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Is Amisom Providing Solution To Problems Facing Somalia?

By   /  June 2, 2014  /  Columnists, Featured  /  No Comments

Listen One of the most potent intoxicants in Africa today is the canned phrase “African solutions for African problems”. While “ASAP” is an acronym that connotes a timely and efficient result, most if not all, operations that are veiled with the romantic motto, have proven that they are not indigenously conceived, funded or driven. Since […]

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African solutions for African problems?

By   /  May 11, 2014  /  Columnists, News, Opinion & Analysis  /  No Comments

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One of the most potent intoxicants in Africa today is the canned phrase “African solutions for African problems”.

While “ASAP” is an acronym that connotes a timely and efficient result, most if not all, operations that are veiled with the romantic motto, have proven that they are not indigenously conceived, funded or driven.

Read More →
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Al-Shabaab’s Bloody Attack in Mogadishu

By   /  June 25, 2013  /  Columnists  /  Comments Off

Listen The gruesome attack on the U.N. compound in Mogadishu that killed 18 people has shocked the world. Once the “Breaking News” hit the social media, condemnations, condolences, and blame started pouring. This latest bloody attack couldn’t come at a worst time — when security in Mogadishu was rapidly improving, when the country (especially Mogadishu) […]

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Somalia And The Slippery Slope Of ‘Jubbaland’

By   /  May 20, 2013  /  Columnists  /  Comments Off

Listen If the latest development in Somalia gives you the feeling of being trapped in the Twilight Zone—somewhere between relative security and renewed bloodshed—you are not alone. Due to the array of competing internal and external interest groups and the federal government’s lack of clear grand strategy or capacity to assert its authority, the formation […]

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Mogadishu, Boston and the ‘Pavlovian Response’

By   /  May 3, 2013  /  Columnists  /  Comments Off

Listen The recent terrorist attacks that took place in Mogadishu and Boston were not just intended to kill and mutilate many civilians, but to create widespread terror, disarray, and insecurity that would last far beyond the initial shock of these bloody events. It goes without saying — anyone who takes part of such acts of […]

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Somalia, Side-effect of an Overpriced ‘Panacea’

By   /  April 5, 2013  /  Columnists  /  Comments Off

Listen With its meager financial and human resources, the Federal Republic of Somalia (FRS) has been doing better than a satisfactory job. However, in recent months, it has been profoundly frustrated by various challenges. Chief among them is what I would refer to as the first side-effect of a $60 million “panacea” known as the […]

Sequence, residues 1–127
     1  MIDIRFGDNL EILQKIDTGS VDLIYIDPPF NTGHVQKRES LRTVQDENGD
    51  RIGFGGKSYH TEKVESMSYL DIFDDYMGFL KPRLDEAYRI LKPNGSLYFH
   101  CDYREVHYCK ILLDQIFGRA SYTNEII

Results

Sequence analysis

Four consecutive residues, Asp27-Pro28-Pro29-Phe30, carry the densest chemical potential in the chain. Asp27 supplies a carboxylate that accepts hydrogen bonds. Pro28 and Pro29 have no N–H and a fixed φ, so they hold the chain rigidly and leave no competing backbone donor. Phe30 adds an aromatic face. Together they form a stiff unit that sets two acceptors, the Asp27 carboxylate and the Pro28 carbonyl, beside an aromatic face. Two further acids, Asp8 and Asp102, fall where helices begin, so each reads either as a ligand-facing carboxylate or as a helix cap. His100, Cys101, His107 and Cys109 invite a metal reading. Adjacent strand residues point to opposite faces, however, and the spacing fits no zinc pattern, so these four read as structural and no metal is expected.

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Ending “Doormat Politics” In Somalia

By   /  February 1, 2013  /  Columnists  /  No Comments

Listen “More than ever, foreign policy is economic policy. The world is competing for resources and global markets.”   John Kerry Considering the positive trend of the past eighteen months, Somalia is en route to recovery, and, in due course, to re-engineer a better state from the ground up. The caveat being: in the long term, […]

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Connecting Dots in the Triangle of Threat

By   /  January 8, 2013  /  Columnists  /  No Comments

Listen By Abukar Arman Just as the temperature of the ‘security threat’ slowly declines in Somalia, it rises in other parts of East Africa. Elements of mainly political, religious, and clan/ethnic nature continue to shift and create new volatile conditions. Though not entirely interdependent these conditions could create a ripple effect across different borders. Depending […]

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Somalia: Breaking Away From Intellectuals’ Legacy of Corruption, Clan and Kleptocracy

By   /  December 12, 2012  /  Columnists, Featured, News, Somalia  /  1 Comment

Listen Analysis by Abukar Arman Can a new generation of Somali intellectuals fix the mistakes of its predecessors and offer a brighter future for Somalia? ‘Where the lead camel goes, so shall others’. So goes the Somali proverb, describing the tendency of humans to unquestioningly follow those in authority even if such individuals are leading […]

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The Corroding ‘Lead Camel’ Effect

By   /  December 8, 2012  /  Columnists  /  1 Comment

Listen As in old caravans ‘Where the lead camel goes, so shall others’. Such goes the Somali proverb, notwithstanding its regional variations and dialectical flavors. The Lead Camel Effect (LCE) describes a syndrome or a common human tendency to blindly follow leaders, role-models, and all those whom authority is attributed to even if such individuals […]

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